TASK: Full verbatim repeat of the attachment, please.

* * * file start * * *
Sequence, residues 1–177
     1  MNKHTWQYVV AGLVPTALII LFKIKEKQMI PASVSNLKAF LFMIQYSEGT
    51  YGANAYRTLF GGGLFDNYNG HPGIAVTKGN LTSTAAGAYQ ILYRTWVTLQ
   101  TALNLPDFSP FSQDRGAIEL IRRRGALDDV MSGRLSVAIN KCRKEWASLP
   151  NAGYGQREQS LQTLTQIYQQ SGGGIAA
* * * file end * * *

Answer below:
Sequence, residues 1–177
     1  MNKHTWQYVV AGLVPTALII LFKIKEKQMI PASVSNLKAF LFMIQYSEGT
    51  YGANAYRTLF GGGLFDNYNG HPGIAVTKGN LTSTAAGAYQ ILYRTWVTLQ
   101  TALNLPDFSP FSQDRGAIEL IRRRGALDDV MSGRLSVAIN KCRKEWASLP
   151  NAGYGQREQS LQTLTQIYQQ SGGGIAA